Writing…If I could write while I’m driving or while I’m walking or when I’m gardening…or sometimes when I’m listening to the radio – to an interview or discussion,  a report or an in depth study…or sometimes when I’m talking with a friend… That’s when the ideas come and I find myself writing in my head. That’s when I need to grab them. So I’ve bought a digital recorder but it’s more complicated than turn it on, press a button and “we’re on air’ although I’m getting to be  proficient with it. ( Note to myself: practice using the recorder.)  (Second note to myself: always carry a notebook! When the ideas come, stop whatever I’m doing and write it down, doesn’t matter if it gets dirt from the garden.)

Doing something else seems to release the mind. Maybe my writing process will become something like…walking, laptop in backpack…sudden inspiration…stop…sit at side of road…write feverishly…continue walking…

Most of my writing process tends to take place at the table where the computers are set up. Although you could say I’m “spoilt for choice.” The dining room is my temporary study. It feels good and is spacious. Then I have the very large, open sunroom and kitchen, with another large farmhouse table and not one, but two capacious sofas. There’s the lounge room, the roomy back and front decks, complete with tables and chairs… the river bank is not too far away: tables, green grass just perfect for a blanket and a few pillows, wandering ducks, water hens…

Truly, I took this photo two minutes ago!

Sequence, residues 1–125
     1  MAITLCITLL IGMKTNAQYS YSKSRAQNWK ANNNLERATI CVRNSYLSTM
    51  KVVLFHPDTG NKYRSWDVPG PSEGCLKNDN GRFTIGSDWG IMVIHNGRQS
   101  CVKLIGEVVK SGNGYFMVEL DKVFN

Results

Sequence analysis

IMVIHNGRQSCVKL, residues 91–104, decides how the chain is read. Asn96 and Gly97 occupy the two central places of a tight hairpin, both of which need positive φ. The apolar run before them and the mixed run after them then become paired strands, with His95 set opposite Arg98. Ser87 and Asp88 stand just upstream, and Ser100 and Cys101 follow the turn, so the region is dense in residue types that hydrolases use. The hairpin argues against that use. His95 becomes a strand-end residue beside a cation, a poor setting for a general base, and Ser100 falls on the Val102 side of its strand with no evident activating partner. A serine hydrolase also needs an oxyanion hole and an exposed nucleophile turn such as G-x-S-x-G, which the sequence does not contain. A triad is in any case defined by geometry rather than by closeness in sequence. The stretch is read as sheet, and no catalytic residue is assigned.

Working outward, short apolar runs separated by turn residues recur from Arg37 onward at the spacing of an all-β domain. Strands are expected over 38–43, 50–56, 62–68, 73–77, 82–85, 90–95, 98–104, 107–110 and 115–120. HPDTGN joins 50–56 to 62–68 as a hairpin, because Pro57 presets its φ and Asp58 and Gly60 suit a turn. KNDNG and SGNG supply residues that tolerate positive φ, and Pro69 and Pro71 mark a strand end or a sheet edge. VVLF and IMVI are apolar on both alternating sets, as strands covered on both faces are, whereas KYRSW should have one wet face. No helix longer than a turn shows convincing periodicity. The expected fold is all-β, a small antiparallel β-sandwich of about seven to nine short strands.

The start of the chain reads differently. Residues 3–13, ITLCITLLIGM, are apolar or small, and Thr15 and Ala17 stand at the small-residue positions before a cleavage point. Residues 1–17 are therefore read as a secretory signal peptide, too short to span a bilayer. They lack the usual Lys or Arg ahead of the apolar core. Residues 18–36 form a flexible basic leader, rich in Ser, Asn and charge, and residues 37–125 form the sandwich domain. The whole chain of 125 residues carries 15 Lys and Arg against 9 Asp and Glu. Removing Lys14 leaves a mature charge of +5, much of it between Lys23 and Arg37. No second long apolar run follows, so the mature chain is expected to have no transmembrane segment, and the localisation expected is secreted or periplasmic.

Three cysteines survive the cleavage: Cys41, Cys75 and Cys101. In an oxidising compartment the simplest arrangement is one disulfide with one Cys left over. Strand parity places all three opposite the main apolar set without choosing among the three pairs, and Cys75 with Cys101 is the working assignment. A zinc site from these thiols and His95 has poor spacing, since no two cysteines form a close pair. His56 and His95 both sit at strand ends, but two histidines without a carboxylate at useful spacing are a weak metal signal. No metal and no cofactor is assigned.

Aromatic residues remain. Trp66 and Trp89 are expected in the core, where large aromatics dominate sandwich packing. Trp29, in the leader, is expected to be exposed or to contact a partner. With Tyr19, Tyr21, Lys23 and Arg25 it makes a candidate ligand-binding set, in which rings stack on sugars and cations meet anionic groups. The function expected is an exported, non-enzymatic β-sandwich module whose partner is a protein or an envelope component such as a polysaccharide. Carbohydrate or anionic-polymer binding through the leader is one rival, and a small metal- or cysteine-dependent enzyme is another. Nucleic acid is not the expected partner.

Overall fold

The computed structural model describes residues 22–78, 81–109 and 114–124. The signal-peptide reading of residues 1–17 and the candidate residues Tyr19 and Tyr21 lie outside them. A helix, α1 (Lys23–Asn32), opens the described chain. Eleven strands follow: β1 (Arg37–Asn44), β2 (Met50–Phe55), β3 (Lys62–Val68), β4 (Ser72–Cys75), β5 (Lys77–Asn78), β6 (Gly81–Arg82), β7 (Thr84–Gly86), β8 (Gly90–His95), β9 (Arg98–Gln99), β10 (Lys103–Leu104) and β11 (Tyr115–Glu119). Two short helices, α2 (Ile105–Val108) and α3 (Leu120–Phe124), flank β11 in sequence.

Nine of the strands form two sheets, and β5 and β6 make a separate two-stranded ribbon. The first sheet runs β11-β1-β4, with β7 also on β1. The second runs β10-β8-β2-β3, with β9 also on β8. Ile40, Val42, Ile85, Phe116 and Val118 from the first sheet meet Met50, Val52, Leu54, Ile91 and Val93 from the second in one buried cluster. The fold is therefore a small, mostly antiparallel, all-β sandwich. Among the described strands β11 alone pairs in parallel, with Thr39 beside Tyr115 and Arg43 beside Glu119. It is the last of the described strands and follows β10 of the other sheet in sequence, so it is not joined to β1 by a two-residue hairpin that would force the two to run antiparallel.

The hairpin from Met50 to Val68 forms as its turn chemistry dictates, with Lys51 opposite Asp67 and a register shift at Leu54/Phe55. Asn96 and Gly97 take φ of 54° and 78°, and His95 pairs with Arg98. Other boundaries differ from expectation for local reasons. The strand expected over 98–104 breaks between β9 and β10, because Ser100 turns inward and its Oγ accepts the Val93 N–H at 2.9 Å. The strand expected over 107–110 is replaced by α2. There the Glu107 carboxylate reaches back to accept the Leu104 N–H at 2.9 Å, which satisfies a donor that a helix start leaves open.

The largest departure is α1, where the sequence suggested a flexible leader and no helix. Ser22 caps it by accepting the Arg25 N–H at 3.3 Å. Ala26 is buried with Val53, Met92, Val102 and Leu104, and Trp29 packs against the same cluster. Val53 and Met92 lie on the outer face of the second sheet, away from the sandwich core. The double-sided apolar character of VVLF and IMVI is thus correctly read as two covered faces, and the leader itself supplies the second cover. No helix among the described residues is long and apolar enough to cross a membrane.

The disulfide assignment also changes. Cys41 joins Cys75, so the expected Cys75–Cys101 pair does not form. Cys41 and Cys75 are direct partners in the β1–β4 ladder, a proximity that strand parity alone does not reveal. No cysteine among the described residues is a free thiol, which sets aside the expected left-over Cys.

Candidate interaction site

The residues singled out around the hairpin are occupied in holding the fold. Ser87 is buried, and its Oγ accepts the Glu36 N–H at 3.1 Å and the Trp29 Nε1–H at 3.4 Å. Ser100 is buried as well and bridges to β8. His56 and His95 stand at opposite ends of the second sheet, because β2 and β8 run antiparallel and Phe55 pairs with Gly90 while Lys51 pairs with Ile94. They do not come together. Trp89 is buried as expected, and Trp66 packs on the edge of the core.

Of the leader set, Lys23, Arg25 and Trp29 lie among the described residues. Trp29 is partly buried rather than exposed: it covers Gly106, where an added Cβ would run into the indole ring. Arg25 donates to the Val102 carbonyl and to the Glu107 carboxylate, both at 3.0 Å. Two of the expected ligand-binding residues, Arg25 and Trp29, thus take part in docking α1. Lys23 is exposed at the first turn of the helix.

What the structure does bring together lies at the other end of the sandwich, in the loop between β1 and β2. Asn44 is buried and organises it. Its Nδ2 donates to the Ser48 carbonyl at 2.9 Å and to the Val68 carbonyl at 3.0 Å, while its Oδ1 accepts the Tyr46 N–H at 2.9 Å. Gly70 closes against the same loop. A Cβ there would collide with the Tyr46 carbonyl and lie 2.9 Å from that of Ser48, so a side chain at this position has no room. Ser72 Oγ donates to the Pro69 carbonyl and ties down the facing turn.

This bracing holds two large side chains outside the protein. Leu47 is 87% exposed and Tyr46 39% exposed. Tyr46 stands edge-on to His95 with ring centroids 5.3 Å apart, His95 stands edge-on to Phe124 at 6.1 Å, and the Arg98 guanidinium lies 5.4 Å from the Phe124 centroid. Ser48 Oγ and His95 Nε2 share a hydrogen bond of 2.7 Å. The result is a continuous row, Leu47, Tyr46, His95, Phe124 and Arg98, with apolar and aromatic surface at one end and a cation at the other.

Truly, I took this photo two minutes ago!

This is how my day tends to go: get up and make coffee, curl up on a sofa in the sun with notebook and pen and write for at least half an hour, not stopping, however it comes. Then breakfast, some pottering, get dressed or not and to the computer. If it’s Daily Prompt, look at the day’s prompt…( don’t check too many emails!!!!)  If I’m already working on something, read it, play with it…I’ll often print something if I want to edit and I usually take that somewhere else. If I want to start something new, I’ll take it to the other table and handwrite the ideas. It’s as if each stage needs a different place. Some of that’s physical. My computer table (that is , the dining room table) has a clutter of equipment: laptop; wonderful, ergonomic keyboard and large screen monitor; there’s always pieces of paper, notebooks, post-its, textas, pens, pencils, maybe a computer manual; there’s not much space for writing with a pen and paper. (Thanks to my generous benefactor for the setup.)  Right now it also has a cat. (How do you teach them not to sit on the keyboard?)

Regular writing is a new process for me. In the past it’s always been an “I’m going to…”. Finally, at last, I have started!  I’m learning what works and how I work. As I’ve been writing this post I’ve become aware of how much more I could do and how much more disciplined I could be. Thinking about how I write has helped me clarify what does work for me. From this daily prompt I know exactly what I now need to focus on. More output! More words on paper, or screen, or whatever. More time spent just writing. Time to get going!